Thirty one volunteers (15-30 years old, 42-78 kg, 26 men, 5 women) were recruited and completed the study. The volunteers fulfilled the inclusion criteria (healthy, no previous history of chronic diseases or sensitivity to caffeine), passed medical examination (physical examinations, blood chemistry determination, chest-X-ray and treadmill exercise test) and signed a letter of informed consent. All volunteers had undergone a week wash-out period of free caffeine before entering the study, stayed in lodging and were provided with standard food and drink. A medical doctor, a nurse and an ambulance were available on site during the study period. Each volunteer drank 3 bottles of a brand beverage which provided 240 mg caffeine per person, at one time. Thereafter the urinary caffeine excretion was determined at various time points up to 50 hours. Urinary caffeine concentration was determined by means of high performance liquid chromatography (HPLC). The range of maximum urinary caffeine excretion of most volunteers was 5.00-5.99 μg.ml-1. Peak excretion occurred at 3 hours after caffeine drinking. The mean or cumulative caffeine excreted in the urine from all volunteers at hour 2 was 1.13±0.76 mg.h-1. After 32 hour, caffeine could no longer be detected in the urine of most volunteers. This data indicated that one time drinking of 240 mg of caffeine by healthy Indonesian volunteers did not result in urinary caffeine excretion above 12 μg.ml-1, the upper limit permitted by the International Olympic Committee.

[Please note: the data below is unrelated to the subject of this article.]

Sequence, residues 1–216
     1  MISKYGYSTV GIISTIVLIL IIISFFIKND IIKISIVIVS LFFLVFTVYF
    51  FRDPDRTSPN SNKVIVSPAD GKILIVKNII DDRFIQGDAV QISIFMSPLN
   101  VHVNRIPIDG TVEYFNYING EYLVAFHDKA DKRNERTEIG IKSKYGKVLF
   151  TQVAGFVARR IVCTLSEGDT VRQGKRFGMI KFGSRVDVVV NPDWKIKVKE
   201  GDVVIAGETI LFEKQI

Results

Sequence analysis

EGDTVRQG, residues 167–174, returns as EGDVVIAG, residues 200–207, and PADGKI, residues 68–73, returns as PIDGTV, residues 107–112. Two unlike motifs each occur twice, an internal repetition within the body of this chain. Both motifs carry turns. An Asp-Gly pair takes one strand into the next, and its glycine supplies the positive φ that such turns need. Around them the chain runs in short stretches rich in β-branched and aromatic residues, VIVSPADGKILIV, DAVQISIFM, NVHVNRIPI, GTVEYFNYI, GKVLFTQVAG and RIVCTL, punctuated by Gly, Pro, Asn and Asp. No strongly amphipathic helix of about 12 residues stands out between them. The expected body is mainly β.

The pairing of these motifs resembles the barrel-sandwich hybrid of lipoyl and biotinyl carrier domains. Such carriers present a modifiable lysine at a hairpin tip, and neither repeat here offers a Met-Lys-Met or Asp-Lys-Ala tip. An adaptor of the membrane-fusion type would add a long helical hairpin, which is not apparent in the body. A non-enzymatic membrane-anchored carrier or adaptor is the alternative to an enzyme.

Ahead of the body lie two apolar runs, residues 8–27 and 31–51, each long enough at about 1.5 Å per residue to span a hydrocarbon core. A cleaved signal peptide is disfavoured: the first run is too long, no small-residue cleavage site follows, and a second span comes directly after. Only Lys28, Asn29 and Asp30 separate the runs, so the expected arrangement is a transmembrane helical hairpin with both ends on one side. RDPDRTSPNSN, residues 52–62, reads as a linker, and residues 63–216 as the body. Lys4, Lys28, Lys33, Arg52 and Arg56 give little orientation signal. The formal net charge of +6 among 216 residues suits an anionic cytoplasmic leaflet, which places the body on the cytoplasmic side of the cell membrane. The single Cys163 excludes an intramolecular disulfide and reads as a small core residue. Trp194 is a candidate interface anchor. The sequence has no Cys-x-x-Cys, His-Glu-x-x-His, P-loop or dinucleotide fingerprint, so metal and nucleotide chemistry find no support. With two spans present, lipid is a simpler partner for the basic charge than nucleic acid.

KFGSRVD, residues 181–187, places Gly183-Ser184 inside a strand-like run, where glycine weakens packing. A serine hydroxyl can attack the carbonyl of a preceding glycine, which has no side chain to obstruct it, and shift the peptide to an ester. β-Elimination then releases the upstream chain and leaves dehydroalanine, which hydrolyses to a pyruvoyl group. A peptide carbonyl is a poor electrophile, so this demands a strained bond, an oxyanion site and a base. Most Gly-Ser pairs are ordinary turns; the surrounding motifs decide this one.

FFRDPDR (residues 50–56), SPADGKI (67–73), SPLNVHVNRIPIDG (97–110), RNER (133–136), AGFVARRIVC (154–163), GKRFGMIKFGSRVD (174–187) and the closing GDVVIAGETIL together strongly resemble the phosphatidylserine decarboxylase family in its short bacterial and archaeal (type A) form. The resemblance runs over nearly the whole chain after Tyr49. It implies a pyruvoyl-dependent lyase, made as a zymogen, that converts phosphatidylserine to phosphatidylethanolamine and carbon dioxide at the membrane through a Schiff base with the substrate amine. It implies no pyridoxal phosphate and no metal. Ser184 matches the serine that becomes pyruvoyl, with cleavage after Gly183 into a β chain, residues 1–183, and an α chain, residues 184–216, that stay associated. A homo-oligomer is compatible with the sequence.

|Number of pages||6|
|Journal||Asia Pacific Journal of Pharmacology|
|Publication status||Published - 1 Jan 2000|
- Urinary excretion